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Slide Slam H5

A comparison of observed and simulated disconnection measures in chronic post-stroke aphasia.

Slide Slam Session H, Wednesday, October 6, 2021, 6:00 - 8:00 am PDT Log In to set Timezone

Ajay Halai1, Matthew Lambon Ralph1; 1MRC Cognition and Brain Sciences Unit, University of Cambridge, UK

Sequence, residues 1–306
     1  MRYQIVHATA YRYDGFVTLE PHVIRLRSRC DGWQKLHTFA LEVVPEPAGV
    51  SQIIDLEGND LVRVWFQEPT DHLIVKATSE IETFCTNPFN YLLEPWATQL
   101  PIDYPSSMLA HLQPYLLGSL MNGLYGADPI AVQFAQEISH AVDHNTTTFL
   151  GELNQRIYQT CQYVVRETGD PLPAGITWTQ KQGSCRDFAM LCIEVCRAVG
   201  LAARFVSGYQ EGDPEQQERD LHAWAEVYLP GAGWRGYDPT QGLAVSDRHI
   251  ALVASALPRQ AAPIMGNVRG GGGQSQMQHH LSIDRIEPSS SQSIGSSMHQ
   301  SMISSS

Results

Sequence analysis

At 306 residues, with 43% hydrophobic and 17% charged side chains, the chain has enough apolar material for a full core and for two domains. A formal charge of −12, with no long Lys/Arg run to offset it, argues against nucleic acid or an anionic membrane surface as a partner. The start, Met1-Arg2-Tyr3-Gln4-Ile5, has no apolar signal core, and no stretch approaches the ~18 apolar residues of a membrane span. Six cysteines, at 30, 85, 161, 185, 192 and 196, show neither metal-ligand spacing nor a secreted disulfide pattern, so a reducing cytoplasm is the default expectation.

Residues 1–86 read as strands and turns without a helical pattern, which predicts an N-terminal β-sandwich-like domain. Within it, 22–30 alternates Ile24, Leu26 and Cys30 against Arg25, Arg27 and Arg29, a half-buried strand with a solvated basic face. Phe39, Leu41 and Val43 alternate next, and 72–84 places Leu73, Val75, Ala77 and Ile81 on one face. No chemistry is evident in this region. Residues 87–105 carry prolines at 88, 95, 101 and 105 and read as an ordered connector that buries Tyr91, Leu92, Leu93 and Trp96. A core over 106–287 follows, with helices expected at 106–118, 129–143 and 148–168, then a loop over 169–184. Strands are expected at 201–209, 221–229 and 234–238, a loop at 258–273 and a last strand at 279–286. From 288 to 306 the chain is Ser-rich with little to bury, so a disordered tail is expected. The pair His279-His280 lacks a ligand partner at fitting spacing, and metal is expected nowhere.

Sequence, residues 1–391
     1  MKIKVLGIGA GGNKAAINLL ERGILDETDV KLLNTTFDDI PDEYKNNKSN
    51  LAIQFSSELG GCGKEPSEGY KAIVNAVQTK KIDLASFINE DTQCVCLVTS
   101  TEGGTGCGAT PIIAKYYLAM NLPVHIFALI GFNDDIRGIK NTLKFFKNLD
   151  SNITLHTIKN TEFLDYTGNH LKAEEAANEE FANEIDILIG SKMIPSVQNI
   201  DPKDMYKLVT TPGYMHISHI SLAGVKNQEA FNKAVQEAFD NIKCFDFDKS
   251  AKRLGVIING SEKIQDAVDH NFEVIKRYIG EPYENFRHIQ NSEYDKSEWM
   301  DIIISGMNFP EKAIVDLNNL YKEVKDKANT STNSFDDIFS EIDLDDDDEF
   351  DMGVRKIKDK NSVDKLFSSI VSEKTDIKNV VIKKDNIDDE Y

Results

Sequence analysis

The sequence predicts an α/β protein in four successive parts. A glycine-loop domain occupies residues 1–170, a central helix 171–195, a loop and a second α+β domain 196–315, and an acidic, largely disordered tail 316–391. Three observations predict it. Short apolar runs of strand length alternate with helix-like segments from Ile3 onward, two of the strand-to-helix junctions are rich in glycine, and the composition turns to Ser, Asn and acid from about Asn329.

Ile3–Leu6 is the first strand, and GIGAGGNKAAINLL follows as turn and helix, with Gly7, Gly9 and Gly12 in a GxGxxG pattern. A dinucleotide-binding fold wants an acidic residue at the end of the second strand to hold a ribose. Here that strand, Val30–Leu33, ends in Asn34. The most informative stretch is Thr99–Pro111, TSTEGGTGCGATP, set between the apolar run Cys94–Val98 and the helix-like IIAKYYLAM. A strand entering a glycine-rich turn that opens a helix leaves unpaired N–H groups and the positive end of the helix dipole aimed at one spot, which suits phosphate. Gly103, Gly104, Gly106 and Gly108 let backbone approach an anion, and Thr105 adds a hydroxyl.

There is a long-standing history of mapping behavioural deficits to brain damage in stroke patients (i.e., inferior frontal regions for speech production and posterior temporal regions for speech comprehension). Research studies typically focus on grey matter but we know that white matter (dis-)connections are important (Catani et al., 2005). In practice, collecting diffusion weighted/tensor imaging (DWI/DTI) data in vulnerable populations is challenging as: a) they not essential for clinical assessment; b) they require expert analytics and c) are time consuming/expensive. This has led to multiple algorithms being developed to infer disconnections given a particular lesion profile. A number of studies within the stroke literature have utilised inferred disconnections to build prediction/prognostic models (e.g. Pustina et al., 2018; Hope et al., 2018) but have had mixed outcomes. In particular, a recent study has compared predictions using lesion location with inferred structural and functional disconnections (Salvalaggio et al., 2020). Inferred disconnections are typically obtained using the lesion location (as a seed) in healthy younger adults, which assumes that: a) changes due to normal aging are negligible; and b) spared regions in stroke patients are ‘healthy’ (specifically the contralateral hemisphere). To date, there has been no formal comparison of the observed disconnections in-vivo with a range of inferred disconnections; therefore, this study set out to address this question. In addition, we also used lesion location and each disconnection method as features in a 5-fold cross validation prediction analysis. We obtained in-vivo diffusion data using the same sequence parameters from left-sided chronic-stroke patients (N=77), age and education matched controls (N=22), and younger controls (N=20). We also included high resolution DWI data from the Human Connectome Project (HCP, N=37). Disconnection maps were estimated in eight ways: in-vivo stroke patients against 1) matched controls; 2) young controls; 3) HCP controls; and pseudo-lesion inferred disconnections (i.e. insert lesion into healthy data and remove intersecting connections) in 4) matched controls; 5) young controls; and 6) HCP controls. We also used two popular methods to obtain disconnection maps using the: 7) Brain Connectivity and Behaviour toolkit (BCB; Foulon et al., 2018) and 8) Network Modification tool (NeMo; Kuceyeski et al., 2013). Methods 2-8 were compared with Method 1 (the target) in two ways. First, we used correlation and cosine similarity of the disconnection values (summarised using AAL atlas). Second, we used permutation testing to determine if each Method differed to the target for each subject (quantifying the proportion of dissimilar subjects per method). The first analysis showed that every method was significantly different to the target, with the young controls being the closest. The second analyses showed that the proportion of dissimilar subjects were confined to the right hemisphere (6.5-54.5%), whereas the left hemisphere fared better (0-6.5%). Finally, we found no evidence of improved prediction performance using any disconnection method after accounting for lesion location. In summary, the results showed that inferred disconnection methods do not adequately reflect in-vivo disconnections; however, disconnection measures (from any method) did not account for unique variance in prediction analyses.

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